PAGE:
CLEVELAND, Ohio – Major League Baseball owners and players continue to act as if their biggest problem is money.
How many games should we play? How much should the players receive for each game? How about the post-season revenue, how should we split it up?
Of course, it’s all about money. Pro sports, it’s always about money to a major degree. But this is a summer like no other for baseball and the world.
COVID-19 has changed everything.
While most baseball players are in one of the safest demographics in terms not having serious consequences from the virus, the players and coaches are going to get sick. How will that spread? Who else will be infected?
The major challenge for baseball isn’t coming to an agreement on how many games to play. at their Florida training facilities.
The major challenge for baseball isn’t coming an agreement on how many games to play. Rather, it’s this: Will they actually be able to play the games and finish the season?
At this point, it should not be about 60 vs. 70 games for a regular season. It’s about what to do once the season starts and the virus hits.
Until a few days ago, the players’ stance was “tell us when and where to play” if they received 100 percent of their prorated salaries. The owners challenged them to follow through with their 60-game proposal. That led to more haggling over money, games, details and the usual boorish behavior on both sides.
HOW DUMB CAN THEY BE?
The two sides despise each other. They demonize each other. They act as if they don’t really need each other. They don’t want a deal. They want victory. They want the other side to suffer. Both sides have so much money, they think they can outlast the other. They are like petulant children hugging their favorite toys and sticking their tongues out.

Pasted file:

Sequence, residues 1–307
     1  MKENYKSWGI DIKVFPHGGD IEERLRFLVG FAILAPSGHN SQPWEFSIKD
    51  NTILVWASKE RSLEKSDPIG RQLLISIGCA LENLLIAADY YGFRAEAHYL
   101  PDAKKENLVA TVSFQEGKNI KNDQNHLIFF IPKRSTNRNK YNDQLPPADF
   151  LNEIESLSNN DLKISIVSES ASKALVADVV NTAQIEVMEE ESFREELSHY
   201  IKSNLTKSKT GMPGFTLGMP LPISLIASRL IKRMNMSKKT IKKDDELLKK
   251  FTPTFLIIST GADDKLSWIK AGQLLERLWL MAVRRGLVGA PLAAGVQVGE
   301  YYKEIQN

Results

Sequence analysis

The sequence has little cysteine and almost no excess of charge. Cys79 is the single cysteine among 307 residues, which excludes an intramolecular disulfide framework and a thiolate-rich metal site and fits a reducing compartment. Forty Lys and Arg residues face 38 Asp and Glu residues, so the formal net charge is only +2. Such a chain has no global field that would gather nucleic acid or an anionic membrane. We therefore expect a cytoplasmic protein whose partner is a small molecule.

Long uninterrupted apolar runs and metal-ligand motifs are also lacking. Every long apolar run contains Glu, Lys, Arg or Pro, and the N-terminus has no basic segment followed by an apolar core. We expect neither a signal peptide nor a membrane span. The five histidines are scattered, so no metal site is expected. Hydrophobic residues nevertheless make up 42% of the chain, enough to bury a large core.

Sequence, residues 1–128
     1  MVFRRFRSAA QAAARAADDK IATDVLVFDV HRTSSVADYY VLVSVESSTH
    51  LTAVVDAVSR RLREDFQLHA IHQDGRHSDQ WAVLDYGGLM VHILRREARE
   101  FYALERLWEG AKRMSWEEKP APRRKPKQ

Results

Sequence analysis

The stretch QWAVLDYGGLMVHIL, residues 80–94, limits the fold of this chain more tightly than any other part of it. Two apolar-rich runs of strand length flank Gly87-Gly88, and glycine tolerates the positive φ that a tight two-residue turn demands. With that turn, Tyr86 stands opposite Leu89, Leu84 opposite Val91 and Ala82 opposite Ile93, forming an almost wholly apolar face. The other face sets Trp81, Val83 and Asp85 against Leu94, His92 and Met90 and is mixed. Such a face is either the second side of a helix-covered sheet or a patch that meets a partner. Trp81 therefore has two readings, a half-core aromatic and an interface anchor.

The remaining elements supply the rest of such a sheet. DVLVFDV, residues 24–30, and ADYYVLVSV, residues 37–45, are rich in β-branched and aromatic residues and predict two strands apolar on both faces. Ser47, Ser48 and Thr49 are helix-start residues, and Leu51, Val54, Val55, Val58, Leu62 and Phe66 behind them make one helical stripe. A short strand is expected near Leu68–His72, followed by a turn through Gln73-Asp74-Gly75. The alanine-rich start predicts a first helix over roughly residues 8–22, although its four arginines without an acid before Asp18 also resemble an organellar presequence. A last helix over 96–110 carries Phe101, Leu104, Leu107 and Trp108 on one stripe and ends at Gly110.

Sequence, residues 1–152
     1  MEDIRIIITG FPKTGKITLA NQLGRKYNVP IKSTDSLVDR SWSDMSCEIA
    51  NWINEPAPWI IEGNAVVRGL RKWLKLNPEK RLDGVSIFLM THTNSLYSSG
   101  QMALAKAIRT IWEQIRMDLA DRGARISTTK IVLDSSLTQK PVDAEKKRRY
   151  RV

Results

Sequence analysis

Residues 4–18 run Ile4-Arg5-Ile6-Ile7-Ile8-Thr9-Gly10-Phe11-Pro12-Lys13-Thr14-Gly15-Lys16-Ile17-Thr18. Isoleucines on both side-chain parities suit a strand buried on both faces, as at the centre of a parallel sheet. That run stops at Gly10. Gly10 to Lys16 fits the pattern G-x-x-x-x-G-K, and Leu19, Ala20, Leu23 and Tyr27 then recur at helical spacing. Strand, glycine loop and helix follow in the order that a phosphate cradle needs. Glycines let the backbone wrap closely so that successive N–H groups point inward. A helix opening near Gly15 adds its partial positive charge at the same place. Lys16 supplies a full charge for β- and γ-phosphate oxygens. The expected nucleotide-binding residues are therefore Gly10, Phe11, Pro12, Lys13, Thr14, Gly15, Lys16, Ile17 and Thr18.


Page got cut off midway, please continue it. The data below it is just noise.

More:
They seem to be warming up for an even more outrageous labor battle after the 2021 season when the current labor agreement expires.
This is disgusting, especially in light of all the other pro sports leagues working hard and together to find a way to play some sort of season. Baseball doesn’t care that it can fill a civic void in a time of need. It has no real desire to make a temporary deal in a time of trying circumstances.
As my father would tell me, “How dumb can you be?”
DO THEY HAVE THE WILL?
At this point, I wonder if they really do want a season.
There are rumors some owners would prefer just to shut it down. They correctly believe it’s unlikely fans will attend the games. They say “We’re going to lose more money if we play than if we don’t. Just forget it, let’s try it again next year.”
Or maybe in the year 2259…
The players seem to think if they make “too many compromises” it will impact their labor deal after 2021. So hold the line right now, even if that means sitting out and not being paid.
Both sides are ignoring the facts of real life. Namely, getting on the field is one thing. Remaining healthy enough to play all the games looms as a major obstacle.
I keep receiving emails from baseball-loving fans who have been hit by pay cuts, furloughs and layoffs. Or they are elderly and have been staying at home a lot because they’re of an age that is the virus danger zone.
Baseball acts like they don’t care about these people: That they will always return. I wonder if that’s true.
In normal economic times with no virus, most fans would probably return at least to some degree. But now? In a setting where no one knows exactly what is coming next?
Baseball deserves to be punished by its fans. Given the selfish actions of both sides, maybe they should skip the 2020 season – especially if they plan to go through all this again (and worse) after 2021. Wait until you can show some good will and make a meaningful deal.
I write as someone who grew up going to Tribe games with his father and loving baseball. But right now, both sides are making me hate the game.
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